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Posted Friday, November 5, 2010 2:53 AM


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Terrible question. The only correct answer is "it depends", and that answer was missing.

If the default language of your server happens to be, for example, British English, you'll get 1 as your answer. Same for German, Dutch, French, and several other languages.

Add this to the fact that it's impossible to know what date the number 40358 represents, and you get a question that is impossible to answer without running the code, and even after running it leaves you with a choice between two answers.

(I used an educated guess - in my experience, over 90% of the code that does not cater for international use comes from the US, so I picked the answer I got when using SET LANGUAGE us_english)

Please do submit more questions in the future - but not of this quality.



Hugo Kornelis, SQL Server MVP
Visit my SQL Server blog: http://sqlblog.com/blogs/hugo_kornelis
Post #1016416
Posted Friday, November 5, 2010 3:17 AM
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Both 1 and 2 are the correct answer depending of the Dateformat set!. As others has said a poor question unless we have SET DATEFORMAT at the start.
Post #1016419
Posted Friday, November 5, 2010 3:20 AM
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Poor US-centric question. The answer is dependent upon the cultural settings of your server.

Remember the rest of the world does not share this irrational date format. We on the whole use either day/month/year or year/month/day. Plus how is anyone supposed to know what date 40358 relates to without running a query?

See me after class - must try harder.

Post #1016420
Posted Friday, November 5, 2010 3:25 AM
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Like selyod, with Italian settings (dd/mm/yyyy) this statement return 1
Post #1016422
Posted Friday, November 5, 2010 3:31 AM
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Even ignoring the date format problem, what is this question supposed to teach us? Why would anyone want to convert a date to a float?
Post #1016423
Posted Friday, November 5, 2010 3:41 AM


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Hugo Kornelis (11/5/2010)


(I used an educated guess - in my experience, over 90% of the code that does not cater for international use comes from the US, so I picked the answer I got when using SET LANGUAGE us_english)


I used the same tactics. If somone don't take care of other languages, he is often English speaking, and USA is a good quess.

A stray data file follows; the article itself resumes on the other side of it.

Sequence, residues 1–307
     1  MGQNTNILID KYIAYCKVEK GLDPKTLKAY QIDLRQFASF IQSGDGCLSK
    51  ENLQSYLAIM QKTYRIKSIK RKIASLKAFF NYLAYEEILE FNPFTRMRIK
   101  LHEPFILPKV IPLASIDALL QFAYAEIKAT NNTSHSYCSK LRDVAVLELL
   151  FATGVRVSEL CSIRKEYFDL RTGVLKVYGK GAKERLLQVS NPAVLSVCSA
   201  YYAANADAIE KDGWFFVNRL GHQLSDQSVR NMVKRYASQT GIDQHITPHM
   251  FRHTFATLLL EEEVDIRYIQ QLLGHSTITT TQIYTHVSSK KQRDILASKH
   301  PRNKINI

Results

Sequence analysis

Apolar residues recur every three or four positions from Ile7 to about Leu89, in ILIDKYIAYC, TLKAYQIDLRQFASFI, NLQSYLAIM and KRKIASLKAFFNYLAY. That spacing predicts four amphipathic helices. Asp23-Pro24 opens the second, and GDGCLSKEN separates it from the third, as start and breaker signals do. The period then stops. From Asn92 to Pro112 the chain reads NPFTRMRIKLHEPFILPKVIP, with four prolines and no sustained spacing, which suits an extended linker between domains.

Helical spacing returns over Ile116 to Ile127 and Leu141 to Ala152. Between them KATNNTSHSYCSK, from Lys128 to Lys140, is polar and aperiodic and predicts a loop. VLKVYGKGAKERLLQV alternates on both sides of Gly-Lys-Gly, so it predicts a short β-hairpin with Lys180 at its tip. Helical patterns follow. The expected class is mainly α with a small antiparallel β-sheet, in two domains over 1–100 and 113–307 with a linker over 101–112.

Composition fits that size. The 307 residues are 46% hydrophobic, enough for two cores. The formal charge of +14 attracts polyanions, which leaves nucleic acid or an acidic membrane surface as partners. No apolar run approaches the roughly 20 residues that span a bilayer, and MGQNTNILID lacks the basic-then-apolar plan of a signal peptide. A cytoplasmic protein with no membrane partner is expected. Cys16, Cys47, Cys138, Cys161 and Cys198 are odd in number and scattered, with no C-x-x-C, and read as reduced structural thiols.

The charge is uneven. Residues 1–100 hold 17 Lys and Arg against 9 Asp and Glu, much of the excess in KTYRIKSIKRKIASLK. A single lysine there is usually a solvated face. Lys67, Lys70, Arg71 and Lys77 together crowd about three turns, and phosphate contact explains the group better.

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Post #1016426
Posted Friday, November 5, 2010 3:45 AM
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I knew when I saw it that this question was going to rely on a particular date format being the default...surely that sort of thing should be checked before they're posted?
Post #1016427
Posted Friday, November 5, 2010 3:47 AM


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So when the conversion into floats and then taking ceiling of the values, these 2 records generate the same values.

I disagree with explanation, it's enough to convert to INT

Select count(intField) from TableDate where convert(INT,datefield) = 40358

Post #1016428
Posted Friday, November 5, 2010 3:53 AM


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Most of complainers: The problem is not dd/mm/yyyy against mm/dd/yyyy as both combinations are inserted (First of July and Seventh of January).
Problem is in yyyy/dd/mm against yyyy/mm/dd. And both of them are valid.

Why convert datetime to float? I don't know. Because it is permitted?




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Post #1016431
Posted Friday, November 5, 2010 6:36 AM
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This is an odd question. I instantly recognized 40358 as the "hundred-year format" date used by Infinium software on the AS400. I ran 40358 against the converter and returned 6/30/2010. Why would the two platforms differ by one day?

I agree with others that 40358 is odd to have in the question and why would anyone use it instead of a real date if they don't have to. I'm forced to deal with it in the Infinium software but I wouldn't choose to.
Post #1016484
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